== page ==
It Is Time for Both Sides to Set Aside the Rhetoric.

It Is Time for Both Sides to Set Aside the Rhetoric.

It Is Time for Both Sides to Set Aside the Rhetoric.

Weigel
Reporting on Politics and Policy.
July 5 2011 8:23 AM

It Is Time for Both Sides to Set Aside the Rhetoric.

ITV reporter Damon Green snagged an interview with Ed Miliband, the leader of Britain's Labour Party. He was moved into position by handlers. He started asking questions. Cue: Disaster.

David Weigel David Weigel

David Weigel is a reporter for the Washington Post. 

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Now, what are the strikes Miliband is talking about? They're work stoppages by as many as 750,000 public employees in protest of pension cuts from the Tory/Liberal coalition's austerity plans. Labour's reason to exist at the moment, and the cause for its relative popularity in polls only a year after losing power, is opposition to some austerity plans. And the Labour leader can't speak off the cutt about this? Weak stuff. Compare it to how Neil Kinnock (destined to be remembered by Americans as "the guy Joe Biden plagiarized") confronted a strike in 1985, defining Labour as the pro-union party that wouldn't defend destructive strikes.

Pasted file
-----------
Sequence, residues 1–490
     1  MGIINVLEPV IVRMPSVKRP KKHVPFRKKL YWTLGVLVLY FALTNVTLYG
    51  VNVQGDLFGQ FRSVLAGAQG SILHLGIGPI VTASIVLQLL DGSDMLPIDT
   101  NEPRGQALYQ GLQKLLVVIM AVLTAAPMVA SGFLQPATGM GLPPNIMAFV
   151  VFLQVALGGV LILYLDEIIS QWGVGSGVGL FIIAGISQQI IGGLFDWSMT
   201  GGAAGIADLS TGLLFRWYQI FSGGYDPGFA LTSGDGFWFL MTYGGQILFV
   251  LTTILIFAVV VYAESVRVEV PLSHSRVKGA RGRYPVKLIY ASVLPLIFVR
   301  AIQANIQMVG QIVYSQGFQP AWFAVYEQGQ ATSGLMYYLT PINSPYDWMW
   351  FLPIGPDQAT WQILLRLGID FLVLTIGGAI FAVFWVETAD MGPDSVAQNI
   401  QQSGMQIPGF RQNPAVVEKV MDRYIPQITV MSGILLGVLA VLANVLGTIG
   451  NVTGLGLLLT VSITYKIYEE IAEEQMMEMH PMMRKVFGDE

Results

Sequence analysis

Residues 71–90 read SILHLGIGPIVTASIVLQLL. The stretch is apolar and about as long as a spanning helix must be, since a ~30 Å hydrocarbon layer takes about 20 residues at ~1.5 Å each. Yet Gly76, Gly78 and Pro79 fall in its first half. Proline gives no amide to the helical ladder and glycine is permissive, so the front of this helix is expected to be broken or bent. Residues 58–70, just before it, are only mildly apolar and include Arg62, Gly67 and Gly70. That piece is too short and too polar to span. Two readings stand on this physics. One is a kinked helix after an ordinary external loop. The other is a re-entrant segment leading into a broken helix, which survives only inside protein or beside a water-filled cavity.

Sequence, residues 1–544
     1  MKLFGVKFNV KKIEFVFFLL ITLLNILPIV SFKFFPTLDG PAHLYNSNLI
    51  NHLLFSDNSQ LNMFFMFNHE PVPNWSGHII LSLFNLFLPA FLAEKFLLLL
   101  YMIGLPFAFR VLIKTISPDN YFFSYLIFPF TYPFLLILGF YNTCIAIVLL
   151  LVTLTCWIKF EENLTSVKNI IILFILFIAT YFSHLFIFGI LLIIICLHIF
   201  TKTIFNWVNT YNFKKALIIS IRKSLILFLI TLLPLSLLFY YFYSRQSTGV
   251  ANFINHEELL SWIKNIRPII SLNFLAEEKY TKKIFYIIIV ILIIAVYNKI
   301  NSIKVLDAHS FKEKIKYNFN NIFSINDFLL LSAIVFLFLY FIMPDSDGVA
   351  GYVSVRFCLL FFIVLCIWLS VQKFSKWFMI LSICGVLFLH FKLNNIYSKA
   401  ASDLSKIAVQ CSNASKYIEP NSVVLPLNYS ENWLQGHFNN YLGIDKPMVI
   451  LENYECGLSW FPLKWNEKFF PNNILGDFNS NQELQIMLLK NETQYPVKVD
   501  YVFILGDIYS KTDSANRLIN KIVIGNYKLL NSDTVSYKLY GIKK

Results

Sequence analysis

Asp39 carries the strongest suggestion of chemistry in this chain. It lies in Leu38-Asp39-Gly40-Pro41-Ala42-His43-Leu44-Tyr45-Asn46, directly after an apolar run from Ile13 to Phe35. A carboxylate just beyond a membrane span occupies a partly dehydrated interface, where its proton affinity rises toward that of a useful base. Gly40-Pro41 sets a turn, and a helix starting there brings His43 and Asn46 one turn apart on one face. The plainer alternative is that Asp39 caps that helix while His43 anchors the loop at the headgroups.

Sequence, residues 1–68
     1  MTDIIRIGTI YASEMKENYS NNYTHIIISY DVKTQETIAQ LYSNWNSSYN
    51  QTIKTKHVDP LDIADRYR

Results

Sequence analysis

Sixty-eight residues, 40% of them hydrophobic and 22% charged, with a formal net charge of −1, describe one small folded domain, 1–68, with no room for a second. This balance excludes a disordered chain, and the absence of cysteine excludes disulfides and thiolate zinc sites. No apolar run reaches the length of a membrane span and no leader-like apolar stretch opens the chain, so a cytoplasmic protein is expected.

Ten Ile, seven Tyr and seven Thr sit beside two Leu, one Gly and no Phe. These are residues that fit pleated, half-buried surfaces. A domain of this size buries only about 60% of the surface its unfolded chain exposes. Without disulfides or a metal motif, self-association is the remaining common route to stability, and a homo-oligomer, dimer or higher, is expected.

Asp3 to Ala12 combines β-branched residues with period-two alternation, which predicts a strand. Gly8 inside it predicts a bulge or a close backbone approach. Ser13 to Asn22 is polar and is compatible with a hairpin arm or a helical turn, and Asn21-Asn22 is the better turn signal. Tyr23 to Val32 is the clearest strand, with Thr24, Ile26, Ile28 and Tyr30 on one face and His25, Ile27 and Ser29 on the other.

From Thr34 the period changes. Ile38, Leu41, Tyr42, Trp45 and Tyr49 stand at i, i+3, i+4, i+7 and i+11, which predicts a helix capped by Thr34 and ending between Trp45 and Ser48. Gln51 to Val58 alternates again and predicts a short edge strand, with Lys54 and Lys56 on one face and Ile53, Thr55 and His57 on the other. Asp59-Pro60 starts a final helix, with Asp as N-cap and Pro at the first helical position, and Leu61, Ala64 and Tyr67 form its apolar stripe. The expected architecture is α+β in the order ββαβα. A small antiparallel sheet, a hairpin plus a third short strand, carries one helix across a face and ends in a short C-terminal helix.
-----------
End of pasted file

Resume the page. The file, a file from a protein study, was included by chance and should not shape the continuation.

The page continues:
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Of course, Kinnock never won a national election.

David Weigel is a reporter for the Washington Post.